Thursday, April 3, 2014
COLUMBIA, S.C. (AP) — A bill intended to force all 46 coroners in South Carolina to report the suspicious deaths of children advanced Wednesday in the Senate.
Sen. Tom Young, R-Aiken, said some children who die of abuse and neglect are being forgotten, with homicides potentially going unprosecuted, because coroners aren't complying with existing law. The elected officials are supposed to report unexplained or unexpected deaths of children within 24 hours to the State Law Enforcement Division.
Young's bill is intended to strengthen the law, though the language of how to do that is still being worked out. The concept heads to the full Senate Judiciary Committee. Senators are trying to beat a May 1 deadline for bills moving from one chamber to the other.
"The bottom line is, we've got coroners not complying with existing law and deaths aren't reported to SLED, and we've got to fix that," Young said.
The bill also specifies the Department of Social Services can release information on its involvement with a child who is killed or seriously injured. However, it allows the agency's director to opt not to publicly release the records if an investigation is ongoing or officials believe it would harm the child or identify the person reporting suspected abuse.
It is the first proposal stemming from a series of hearings on potential problems at the Department of Social Services. Young, the panel's chairman, expects more legislation to follow next year.
The president of the state Coroners' Association, Spartanburg County Coroner Rusty Clevenger, said he's unaware of any particular coroner being deficient in his or her reporting duties. He said he personally treats all children's deaths as suspicious and reports them.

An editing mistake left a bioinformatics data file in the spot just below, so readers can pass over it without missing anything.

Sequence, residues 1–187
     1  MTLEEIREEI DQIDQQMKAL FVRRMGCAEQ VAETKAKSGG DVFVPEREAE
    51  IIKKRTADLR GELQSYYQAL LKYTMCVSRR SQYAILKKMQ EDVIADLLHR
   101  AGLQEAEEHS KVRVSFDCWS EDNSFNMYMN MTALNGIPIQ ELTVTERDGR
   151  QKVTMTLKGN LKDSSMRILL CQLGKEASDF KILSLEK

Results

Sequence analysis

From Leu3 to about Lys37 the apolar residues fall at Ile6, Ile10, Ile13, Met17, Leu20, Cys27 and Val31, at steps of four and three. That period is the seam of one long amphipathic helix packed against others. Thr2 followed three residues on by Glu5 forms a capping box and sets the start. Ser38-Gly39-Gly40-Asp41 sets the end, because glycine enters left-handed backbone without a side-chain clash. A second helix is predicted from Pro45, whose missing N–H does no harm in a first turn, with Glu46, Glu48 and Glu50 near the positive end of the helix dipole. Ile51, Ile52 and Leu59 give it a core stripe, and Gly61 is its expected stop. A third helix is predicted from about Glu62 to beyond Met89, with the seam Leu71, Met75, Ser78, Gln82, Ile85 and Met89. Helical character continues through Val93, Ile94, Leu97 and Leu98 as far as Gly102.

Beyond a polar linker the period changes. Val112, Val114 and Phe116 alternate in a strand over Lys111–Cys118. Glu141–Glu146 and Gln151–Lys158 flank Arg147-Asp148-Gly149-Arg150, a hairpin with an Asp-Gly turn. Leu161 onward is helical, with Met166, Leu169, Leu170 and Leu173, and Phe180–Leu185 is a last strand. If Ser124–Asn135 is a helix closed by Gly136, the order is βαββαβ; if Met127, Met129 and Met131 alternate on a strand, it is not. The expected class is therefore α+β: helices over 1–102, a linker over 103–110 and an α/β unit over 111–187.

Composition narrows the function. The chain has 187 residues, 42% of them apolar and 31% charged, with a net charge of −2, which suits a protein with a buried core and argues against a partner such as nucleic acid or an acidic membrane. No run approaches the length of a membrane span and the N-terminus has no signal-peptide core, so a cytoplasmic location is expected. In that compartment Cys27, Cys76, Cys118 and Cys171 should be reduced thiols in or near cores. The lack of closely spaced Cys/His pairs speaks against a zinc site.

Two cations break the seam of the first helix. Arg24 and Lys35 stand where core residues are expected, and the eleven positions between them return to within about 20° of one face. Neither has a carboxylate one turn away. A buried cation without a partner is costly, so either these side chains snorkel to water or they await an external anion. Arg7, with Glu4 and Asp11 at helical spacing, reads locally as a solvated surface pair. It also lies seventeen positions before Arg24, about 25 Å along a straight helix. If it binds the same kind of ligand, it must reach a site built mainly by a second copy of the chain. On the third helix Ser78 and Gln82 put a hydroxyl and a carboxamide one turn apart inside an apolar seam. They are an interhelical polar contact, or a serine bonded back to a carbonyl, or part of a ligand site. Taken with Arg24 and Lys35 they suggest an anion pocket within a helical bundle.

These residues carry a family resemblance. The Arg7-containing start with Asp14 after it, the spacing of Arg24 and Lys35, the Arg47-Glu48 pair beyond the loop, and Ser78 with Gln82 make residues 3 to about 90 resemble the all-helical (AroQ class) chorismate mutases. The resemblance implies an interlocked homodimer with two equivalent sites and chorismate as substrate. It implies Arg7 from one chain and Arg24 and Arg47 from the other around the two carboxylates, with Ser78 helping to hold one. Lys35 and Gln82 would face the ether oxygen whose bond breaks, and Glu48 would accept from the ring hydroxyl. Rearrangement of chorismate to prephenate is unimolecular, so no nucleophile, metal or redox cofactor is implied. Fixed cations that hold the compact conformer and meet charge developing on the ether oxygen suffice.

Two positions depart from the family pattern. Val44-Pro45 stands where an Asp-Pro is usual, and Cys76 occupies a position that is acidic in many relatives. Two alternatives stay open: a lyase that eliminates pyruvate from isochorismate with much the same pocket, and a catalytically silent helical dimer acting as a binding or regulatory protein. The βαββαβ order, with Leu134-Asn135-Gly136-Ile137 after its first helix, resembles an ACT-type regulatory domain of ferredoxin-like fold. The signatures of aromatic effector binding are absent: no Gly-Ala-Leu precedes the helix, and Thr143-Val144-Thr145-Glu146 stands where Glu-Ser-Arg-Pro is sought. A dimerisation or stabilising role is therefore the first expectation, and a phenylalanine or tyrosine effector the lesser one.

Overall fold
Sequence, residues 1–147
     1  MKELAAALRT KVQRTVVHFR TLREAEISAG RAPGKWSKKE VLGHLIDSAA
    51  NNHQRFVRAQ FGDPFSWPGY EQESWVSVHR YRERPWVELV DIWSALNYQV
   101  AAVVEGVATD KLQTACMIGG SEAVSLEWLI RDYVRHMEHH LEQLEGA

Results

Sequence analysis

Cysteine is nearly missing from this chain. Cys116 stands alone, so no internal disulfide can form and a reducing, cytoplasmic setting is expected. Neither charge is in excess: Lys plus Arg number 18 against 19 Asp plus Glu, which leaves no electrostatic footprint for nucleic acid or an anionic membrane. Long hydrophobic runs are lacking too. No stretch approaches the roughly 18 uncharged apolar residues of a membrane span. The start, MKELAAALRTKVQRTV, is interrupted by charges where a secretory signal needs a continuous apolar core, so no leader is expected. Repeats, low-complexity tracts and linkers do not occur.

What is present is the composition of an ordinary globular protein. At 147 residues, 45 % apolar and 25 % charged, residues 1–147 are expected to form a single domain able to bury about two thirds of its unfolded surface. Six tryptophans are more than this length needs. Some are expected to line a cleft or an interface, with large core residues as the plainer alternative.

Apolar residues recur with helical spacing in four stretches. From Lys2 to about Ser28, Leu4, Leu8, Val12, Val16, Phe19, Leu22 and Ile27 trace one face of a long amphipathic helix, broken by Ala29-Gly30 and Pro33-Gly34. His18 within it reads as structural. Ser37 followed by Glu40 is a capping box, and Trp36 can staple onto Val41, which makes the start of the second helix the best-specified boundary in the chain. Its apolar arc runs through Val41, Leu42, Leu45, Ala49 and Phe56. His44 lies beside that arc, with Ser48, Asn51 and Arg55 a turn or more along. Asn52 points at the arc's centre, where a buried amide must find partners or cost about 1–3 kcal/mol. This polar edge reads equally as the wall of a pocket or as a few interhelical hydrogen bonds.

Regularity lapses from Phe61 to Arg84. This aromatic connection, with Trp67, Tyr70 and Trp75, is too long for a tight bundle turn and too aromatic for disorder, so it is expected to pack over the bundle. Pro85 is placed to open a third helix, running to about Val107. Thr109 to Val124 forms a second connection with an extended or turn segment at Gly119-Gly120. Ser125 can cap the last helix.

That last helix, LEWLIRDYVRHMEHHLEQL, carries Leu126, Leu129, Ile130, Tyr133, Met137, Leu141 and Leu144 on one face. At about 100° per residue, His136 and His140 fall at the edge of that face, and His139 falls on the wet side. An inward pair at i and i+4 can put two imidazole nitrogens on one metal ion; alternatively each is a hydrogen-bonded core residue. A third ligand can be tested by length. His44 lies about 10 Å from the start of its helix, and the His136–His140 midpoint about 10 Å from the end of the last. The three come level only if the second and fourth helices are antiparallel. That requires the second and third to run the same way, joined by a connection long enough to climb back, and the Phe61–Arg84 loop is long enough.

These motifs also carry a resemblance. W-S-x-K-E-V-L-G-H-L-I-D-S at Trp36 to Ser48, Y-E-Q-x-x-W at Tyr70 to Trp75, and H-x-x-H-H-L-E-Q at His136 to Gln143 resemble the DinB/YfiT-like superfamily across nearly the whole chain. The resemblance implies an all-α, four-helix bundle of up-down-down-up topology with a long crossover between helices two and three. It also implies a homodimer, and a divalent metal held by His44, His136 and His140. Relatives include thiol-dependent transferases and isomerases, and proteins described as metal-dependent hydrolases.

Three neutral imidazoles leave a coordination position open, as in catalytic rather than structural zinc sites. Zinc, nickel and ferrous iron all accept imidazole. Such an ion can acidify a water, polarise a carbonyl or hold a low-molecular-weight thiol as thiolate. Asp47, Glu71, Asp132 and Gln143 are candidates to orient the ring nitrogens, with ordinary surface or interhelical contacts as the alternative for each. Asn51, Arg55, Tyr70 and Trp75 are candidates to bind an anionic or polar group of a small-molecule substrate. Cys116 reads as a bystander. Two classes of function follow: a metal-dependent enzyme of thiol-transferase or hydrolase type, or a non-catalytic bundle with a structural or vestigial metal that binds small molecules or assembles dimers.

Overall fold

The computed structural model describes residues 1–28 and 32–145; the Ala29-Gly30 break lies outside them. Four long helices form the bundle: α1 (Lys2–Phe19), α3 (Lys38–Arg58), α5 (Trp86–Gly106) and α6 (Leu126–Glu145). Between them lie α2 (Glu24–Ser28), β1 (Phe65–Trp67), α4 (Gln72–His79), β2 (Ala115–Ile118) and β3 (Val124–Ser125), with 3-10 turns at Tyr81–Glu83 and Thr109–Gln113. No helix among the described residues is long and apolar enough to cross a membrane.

The data that goes to SLED is also reviewed by the State Child Fatality Advisory Committee, which is tasked with decreasing the number of preventable deaths of children under 18. The group, made up of representatives of various state agencies and organizations, is supposed to identify trends and suggest legislation or agency improvements.
Laura Hudson, a committee member and director of the South Carolina Crime Victims' Council, has cautioned legislators that reviewing the committee's numbers on DSS-involved child fatalities may not present the entire picture because of a lack of reporting.
"Some counties have never reported a child's death, and I refuse to believe they haven't had one," she said, adding that a case unreported to SLED may still have been investigated by local law enforcement.
(Copyright 2014. The Associated Press.)